Shiplap walls are a hot trend right now! We’re going to show you how to make your own shiplap wall in your own home!
How to make a shiplap wall
To shiplap a wall, you need a few basic tools and basic woodworking knowledge. This is a very beginner “woodworking” project but you need to be comfortable using a saw to make your cuts. We have done several shiplap walls and have fine tuned our method for building a shiplap wall.
Supplies to make a shiplap wall
- 1/2″ MDF – We have Home Depot cut down a 4×8′ sheet of MDF into 8″ strips.
TIP: If you order and pay for the sheet of MDF online, some Home Depot stores will cut your strips for you before you go and pick it up. This makes your project SO much easier!
- Miter Saw or Circular Saw
- Jigsaw (optional) *for cutting around outlets or light switches
- Nailer (this one is our favorite and we HIGHLY recommend it!) You can use a hammer and nails if you don’t have or don’t want to buy a nailer. It is a bit more tedious and time consuming without one.)
- 1.5″ brad nails (if using nailer)
- Tape Measure
- Popsicle sticks
- Paintable caulk or wood filler
- Primer (optional)
Shiplap Wall Tutorial – Step by Step
- Cut your MDF into 8″ strips – you can do other widths but we love the look of the 8″. Most home improvement stores will cut the strips for you. Some charge a small fee but in full disclosure, we’ve never been charged the fee. Be nice to your lumber department employees and they’ll take care of you!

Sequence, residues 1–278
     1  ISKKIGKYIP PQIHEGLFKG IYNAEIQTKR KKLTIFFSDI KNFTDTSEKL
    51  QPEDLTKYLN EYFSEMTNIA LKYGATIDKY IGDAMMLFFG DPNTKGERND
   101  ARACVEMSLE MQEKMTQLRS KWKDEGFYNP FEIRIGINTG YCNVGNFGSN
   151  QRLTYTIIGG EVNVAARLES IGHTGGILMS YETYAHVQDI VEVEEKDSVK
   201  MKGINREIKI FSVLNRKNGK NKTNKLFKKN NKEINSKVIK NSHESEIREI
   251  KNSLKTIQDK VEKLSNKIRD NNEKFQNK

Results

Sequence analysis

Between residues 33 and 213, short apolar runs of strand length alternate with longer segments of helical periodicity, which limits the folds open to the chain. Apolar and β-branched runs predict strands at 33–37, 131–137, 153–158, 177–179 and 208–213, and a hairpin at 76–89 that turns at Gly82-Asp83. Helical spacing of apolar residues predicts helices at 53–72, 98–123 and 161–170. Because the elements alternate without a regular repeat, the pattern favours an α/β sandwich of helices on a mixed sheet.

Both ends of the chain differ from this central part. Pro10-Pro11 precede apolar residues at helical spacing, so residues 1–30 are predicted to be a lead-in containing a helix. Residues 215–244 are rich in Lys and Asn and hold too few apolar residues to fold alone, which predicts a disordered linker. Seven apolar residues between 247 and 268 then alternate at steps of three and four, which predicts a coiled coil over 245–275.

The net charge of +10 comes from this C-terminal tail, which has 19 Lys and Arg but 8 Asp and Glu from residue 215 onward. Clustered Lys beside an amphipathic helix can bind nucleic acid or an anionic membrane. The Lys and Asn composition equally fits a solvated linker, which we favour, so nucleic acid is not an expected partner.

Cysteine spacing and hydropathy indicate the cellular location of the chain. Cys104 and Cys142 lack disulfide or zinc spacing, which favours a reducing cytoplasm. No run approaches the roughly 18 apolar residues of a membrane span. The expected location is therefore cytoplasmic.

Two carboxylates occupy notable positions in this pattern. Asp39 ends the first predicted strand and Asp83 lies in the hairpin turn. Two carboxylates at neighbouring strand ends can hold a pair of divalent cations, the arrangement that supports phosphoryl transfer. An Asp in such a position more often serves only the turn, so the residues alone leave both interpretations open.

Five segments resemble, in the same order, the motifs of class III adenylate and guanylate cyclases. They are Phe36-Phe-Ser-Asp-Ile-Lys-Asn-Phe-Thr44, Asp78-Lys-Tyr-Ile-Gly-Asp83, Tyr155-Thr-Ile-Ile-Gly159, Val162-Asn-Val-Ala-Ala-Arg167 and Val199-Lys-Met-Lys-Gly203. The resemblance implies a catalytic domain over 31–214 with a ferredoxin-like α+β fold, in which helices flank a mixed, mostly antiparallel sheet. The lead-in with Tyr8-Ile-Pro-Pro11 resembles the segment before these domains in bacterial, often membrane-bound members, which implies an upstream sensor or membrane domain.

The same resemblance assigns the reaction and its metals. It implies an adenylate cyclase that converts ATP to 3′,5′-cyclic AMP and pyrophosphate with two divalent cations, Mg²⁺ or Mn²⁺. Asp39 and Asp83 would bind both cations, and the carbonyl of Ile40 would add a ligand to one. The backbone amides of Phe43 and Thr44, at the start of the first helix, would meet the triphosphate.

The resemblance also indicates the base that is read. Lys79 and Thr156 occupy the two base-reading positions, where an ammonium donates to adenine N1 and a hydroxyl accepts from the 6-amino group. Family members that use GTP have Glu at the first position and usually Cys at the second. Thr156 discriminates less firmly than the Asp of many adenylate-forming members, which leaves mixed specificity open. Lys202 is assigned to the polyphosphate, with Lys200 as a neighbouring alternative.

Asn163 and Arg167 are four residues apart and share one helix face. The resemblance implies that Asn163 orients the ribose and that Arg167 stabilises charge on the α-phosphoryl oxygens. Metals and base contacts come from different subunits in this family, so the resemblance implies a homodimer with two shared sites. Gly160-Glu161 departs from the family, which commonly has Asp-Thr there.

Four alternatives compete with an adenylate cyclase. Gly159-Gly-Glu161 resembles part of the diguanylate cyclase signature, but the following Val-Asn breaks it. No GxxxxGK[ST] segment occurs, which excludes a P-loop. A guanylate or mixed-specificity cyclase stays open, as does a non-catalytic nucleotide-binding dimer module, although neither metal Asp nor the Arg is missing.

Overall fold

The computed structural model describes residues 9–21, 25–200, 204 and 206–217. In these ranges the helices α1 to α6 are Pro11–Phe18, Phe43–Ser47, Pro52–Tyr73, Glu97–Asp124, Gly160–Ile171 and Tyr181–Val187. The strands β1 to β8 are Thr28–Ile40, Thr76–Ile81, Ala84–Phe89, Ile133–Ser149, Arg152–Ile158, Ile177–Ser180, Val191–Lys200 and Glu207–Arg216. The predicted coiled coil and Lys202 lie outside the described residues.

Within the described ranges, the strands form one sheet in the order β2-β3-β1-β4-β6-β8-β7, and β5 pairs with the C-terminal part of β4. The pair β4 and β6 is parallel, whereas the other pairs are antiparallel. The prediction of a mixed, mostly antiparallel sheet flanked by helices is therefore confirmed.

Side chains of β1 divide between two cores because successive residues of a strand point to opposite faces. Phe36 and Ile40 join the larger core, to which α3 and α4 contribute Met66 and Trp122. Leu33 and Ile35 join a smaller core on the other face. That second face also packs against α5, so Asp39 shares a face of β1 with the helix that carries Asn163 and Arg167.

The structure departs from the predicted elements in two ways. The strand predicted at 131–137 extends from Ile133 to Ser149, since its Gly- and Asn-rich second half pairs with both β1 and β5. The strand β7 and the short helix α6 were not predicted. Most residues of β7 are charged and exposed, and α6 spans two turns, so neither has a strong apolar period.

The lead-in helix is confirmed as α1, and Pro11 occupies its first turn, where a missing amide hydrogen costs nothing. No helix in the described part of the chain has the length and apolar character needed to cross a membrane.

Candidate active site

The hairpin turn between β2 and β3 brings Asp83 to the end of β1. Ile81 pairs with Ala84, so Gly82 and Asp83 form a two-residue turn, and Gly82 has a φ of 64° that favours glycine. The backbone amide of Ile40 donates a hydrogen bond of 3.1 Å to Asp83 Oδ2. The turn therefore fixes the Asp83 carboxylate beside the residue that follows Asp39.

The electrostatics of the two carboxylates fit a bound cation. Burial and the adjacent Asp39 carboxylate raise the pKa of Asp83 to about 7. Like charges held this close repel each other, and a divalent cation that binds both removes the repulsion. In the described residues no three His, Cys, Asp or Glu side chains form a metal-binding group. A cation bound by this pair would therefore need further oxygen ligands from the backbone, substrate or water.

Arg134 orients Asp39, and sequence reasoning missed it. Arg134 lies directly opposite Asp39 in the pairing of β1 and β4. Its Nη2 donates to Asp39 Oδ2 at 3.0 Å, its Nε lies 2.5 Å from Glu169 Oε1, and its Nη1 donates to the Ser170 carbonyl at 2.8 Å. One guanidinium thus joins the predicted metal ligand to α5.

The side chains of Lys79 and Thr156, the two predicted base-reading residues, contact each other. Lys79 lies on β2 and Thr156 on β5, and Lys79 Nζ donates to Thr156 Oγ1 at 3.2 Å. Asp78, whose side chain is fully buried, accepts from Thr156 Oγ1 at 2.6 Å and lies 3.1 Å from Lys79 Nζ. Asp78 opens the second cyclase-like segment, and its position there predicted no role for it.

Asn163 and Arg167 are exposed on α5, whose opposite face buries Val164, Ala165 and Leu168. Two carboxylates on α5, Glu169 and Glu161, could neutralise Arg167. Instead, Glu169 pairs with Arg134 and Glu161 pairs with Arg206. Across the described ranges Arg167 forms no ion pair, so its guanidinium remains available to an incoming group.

- Remove any outlet covers with a small flat head screwdriver (or a butter knife! haha!)
- Starting at the bottom on one corner, start nailing your first row of shiplap to the wall. Make sure your first row is completely level before nailing. NOT all floors and baseboards are level. There’s a good chance it may not be so double check. If there are any slight gaps, you can fill with caulking later. Again, make sure your first row on your shiplap wall is level. We always nail into the studs first (you can use a stud finder for this step if you don’t know where your studs are) then we always use extra nails into the drywall/sheetrock for extra support. Starting at the bottom allows your next rows to sit on the bottom for support while you nail them in.
- When you get close to the adjacent wall, cut your MDF strip to length with a miter saw or a circular saw. Nail to the wall.
- Next, use your popsicles sticks as spacers and nail on the next row.
- Repeat all the way up the wall, using a jigsaw to cut around any outlets or light switches.
Shiplap Wall Video Tutorial
To see our shiplap wall projects, check out: